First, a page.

With the arrival of the more virulent delta strain of Covid-19, we can probably expect another season of remote work—and its daunting for all of us, but especially those with seasonal affective disorder (SAD). SAD, a type of depression that develops in the winter months, affects at least 5 percent of American adults. Given the isolating nature of the pandemic, the effects of this disorder are only expected to be exacerbated this winter. And even those who don’t have SAD will likely find themselves feeling a bit lonelier and less focused than usual this season.
That’s the bad news. The good news is there are ways to help fight off despair, find inspiration, and prioritize your well-being. Below are five WFH tips to help you stay productive and positive during this season of solitude.
1. Experiment with lighting
It's well-documented that the human disposition is profoundly influenced by lighting. In fact, lighting impacts our mood and learning capacity, and there are all kinds of studies about how specific types of lighting trigger certain responses. Ultimately, what you want to do during the winter months is introduce yourself to new lighting situations that will positively affect your mood and productivity.
One option is to increase your sunlight exposure. Not only is sunlight a total mood booster but it’s also an essential ingredient in maintaining your vitamin D levels (thanks to UV rays). So, soak up all that winter sun by positioning your workspace near a window.
Another option is to use sun lamps. It can be hard to capture enough sunshine during the colder months if you live in an area with an overabundance of cloudy, rainy days. A light therapy device is a convenient way to artificially replicate the benefits of sunshine. So, consider furnishing your workspace with a sun lamp.
2. Switch up your sleep schedule
Given daylight savings time and shorter days in general, it’s a wise idea to try to get an earlier start in the morning. Getting as many hours of rest when it’s dark out and as many hours of working time when it’s daylight can help improve seasonal depression and increase your chances of getting an appropriate dose of vitamin D.
Maintaining a healthy sleep schedule is always a key factor in keeping up productivity but is even more important during the winter months. With less daylight hours in the winter, the body produces more melatonin. Melatonin is the sleep hormone that causes tiredness and signals to your body that it’s time for bed. The increased production of this hormone means you’re likely to feel increasingly tired during winter, which is why it’s important to focus on improving your sleep schedule this time of year.
3. Change up your work environment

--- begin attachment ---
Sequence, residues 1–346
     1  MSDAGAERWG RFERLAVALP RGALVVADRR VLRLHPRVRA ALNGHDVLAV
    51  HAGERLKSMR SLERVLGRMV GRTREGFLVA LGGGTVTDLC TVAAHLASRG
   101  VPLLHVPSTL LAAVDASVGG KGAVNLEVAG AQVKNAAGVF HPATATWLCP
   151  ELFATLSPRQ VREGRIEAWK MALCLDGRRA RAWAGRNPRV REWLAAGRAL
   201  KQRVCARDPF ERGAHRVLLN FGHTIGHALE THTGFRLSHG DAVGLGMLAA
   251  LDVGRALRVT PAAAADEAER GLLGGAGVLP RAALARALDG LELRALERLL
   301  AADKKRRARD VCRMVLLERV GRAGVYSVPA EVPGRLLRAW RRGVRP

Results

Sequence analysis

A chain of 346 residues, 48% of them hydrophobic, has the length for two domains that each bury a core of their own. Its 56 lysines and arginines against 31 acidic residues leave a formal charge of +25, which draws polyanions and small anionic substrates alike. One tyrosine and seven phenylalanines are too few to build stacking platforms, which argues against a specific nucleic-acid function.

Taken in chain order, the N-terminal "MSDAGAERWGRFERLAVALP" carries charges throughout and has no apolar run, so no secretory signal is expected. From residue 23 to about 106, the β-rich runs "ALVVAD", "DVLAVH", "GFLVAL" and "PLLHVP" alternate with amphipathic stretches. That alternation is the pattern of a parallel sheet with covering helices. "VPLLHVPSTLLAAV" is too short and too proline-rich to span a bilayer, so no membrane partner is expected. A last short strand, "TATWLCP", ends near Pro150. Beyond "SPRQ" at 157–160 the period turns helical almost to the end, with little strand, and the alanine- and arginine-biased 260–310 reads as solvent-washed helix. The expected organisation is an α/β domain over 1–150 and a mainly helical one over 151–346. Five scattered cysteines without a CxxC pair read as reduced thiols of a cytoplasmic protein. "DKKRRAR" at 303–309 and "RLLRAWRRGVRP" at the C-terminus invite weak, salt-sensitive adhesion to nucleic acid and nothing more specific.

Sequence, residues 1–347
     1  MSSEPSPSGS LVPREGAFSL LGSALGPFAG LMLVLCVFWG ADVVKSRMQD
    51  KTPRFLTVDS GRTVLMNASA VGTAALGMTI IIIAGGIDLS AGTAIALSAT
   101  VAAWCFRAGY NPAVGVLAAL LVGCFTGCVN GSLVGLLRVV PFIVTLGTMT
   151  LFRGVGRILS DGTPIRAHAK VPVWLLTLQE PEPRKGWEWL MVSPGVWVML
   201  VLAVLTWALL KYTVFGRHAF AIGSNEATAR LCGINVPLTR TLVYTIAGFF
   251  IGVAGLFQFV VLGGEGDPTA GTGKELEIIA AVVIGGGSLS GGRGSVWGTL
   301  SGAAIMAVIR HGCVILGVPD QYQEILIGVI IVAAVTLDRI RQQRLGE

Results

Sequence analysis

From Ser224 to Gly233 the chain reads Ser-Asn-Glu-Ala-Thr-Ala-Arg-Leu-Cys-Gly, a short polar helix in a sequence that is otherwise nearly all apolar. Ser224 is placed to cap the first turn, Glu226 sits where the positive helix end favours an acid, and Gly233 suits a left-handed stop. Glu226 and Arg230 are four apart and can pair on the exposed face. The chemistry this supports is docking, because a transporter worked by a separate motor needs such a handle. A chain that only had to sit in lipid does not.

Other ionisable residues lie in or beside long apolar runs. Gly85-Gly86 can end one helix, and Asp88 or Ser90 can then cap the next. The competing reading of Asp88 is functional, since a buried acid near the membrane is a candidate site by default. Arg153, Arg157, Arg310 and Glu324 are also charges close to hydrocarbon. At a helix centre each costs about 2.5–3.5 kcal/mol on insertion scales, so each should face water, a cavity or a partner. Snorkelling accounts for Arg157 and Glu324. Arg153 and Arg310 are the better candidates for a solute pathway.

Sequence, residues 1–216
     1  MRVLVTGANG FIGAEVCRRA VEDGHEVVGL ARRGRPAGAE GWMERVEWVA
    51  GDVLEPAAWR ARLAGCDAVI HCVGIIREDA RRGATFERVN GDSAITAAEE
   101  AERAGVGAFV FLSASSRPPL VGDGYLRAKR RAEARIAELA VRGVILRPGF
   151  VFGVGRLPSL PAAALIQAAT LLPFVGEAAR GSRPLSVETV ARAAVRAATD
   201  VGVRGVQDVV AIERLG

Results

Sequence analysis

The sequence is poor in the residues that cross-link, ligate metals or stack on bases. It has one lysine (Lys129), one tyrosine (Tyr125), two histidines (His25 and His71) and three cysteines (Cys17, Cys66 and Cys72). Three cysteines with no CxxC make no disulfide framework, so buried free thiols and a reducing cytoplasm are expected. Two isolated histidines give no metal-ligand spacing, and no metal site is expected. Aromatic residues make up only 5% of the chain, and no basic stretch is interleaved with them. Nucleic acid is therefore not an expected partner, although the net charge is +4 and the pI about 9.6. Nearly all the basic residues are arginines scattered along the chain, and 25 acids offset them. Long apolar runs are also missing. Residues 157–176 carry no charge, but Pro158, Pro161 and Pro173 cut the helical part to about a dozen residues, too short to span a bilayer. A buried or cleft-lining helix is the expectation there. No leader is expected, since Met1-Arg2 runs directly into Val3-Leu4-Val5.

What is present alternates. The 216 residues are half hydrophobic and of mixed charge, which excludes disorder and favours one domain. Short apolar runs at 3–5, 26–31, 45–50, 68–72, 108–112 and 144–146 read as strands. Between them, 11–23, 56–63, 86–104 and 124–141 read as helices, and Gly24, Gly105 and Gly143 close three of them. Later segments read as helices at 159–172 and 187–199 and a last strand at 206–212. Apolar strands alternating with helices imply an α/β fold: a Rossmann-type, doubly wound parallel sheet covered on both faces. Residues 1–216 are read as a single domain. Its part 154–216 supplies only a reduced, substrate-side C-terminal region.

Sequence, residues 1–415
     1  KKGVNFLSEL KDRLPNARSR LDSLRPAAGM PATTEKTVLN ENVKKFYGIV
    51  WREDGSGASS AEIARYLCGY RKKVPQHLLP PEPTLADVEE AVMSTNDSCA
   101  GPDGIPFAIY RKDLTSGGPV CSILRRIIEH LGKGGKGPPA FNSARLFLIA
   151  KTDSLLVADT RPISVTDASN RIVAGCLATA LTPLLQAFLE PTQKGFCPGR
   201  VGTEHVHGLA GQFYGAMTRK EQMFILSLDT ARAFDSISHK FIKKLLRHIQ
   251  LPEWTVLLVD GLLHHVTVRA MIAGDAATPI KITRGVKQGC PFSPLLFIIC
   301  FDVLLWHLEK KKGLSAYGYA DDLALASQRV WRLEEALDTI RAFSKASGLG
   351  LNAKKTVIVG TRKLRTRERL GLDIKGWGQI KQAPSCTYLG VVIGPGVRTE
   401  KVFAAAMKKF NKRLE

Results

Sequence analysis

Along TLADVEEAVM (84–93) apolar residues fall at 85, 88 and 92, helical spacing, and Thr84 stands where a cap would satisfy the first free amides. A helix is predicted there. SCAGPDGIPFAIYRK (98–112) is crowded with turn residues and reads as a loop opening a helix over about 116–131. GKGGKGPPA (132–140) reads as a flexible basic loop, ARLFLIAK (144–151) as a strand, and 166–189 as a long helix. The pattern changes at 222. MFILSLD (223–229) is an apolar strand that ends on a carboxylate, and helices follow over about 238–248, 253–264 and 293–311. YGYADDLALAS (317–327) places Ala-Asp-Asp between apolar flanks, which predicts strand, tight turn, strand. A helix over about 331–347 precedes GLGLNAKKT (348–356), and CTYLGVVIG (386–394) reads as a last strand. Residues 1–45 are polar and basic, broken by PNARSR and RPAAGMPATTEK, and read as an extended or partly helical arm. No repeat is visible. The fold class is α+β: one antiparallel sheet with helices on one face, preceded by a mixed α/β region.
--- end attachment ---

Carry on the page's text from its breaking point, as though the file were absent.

Since last March, most of us have been cooped up in our homes. After all this time, it’s natural to feel uninspired or even dissatisfied with your environment. In practice, remaining in the same space can also be a deterrent to your success and serve as a major contributor to your emotional exhaustion.
Changing your working environment can refer to many different things. You can switch your home office from one room to another, or even one corner of the room to another corner of the room. You could also do a bit of redecorating to imbue a little creativity and color in a space that feels too lifeless and gray.
Useful techniques to get you started on your redecorating venture include: decluttering your space by organizing or storing your files and devices, hanging colorful art that adds a splash of personality to the space, and introducing a bit of greenery into the space with a couple of low-maintenance indoor plants.
4. Use breathing exercises
Mental health should be top of mind during the winter months when SAD is likely to spike. Not only does SAD cause an increase in melatonin but it also results in decreased serotonin production. Between these two hormone changes, feelings of depression and anxiety are at an all-year high.
One way to combat these feelings is by using breathing exercises. Breathing exercises are known to increase energy levels, improve sleep, and promote relaxation. Not only will breathing exercises help you stay positive and improve productivity but they’ll also help you accomplish your daily tasks (and implement the tips provided in this blog!).
5. Stay active
It can be tempting during the winter months to hibernate and decrease your physical activity—and even more so this winter given all the Covid uncertainty. But now it’s perhaps more important than ever to move and exercise—to maintain your health and motivation levels, to decrease your stress, and to improve your focus so you can keep your concentration all day long.
If you find yourself succumbing to the classic afternoon case of lack of motivation and winter blues, try going for something as simple as a midday walk, engaging in 10 minutes of aerobic exercise, or just doing a few stationary stretches. These simple exercises can make a big difference to your health, mood, creativity, and ability to focus—and thus your productivity.
Samantha Rupp holds a Bachelor of Science in Business Administration. She is the managing editor for 365 Business Tips as well as runs a personal blog, Mixed Bits Media. She lives in San Diego, California and enjoys spending time on the beach, reading up on current industry trends, and traveling.
Larry English is the president and cofounder of Centric Consulting, a 1,000-person tech and strategy consulting firm that has operated fully remotely since its founding 20 years ago. In June 2020, English published Office Optional: How to Build a Connected Culture with Virtual Teams, which offers a step-by-step guide to creating strong virtual cultures.
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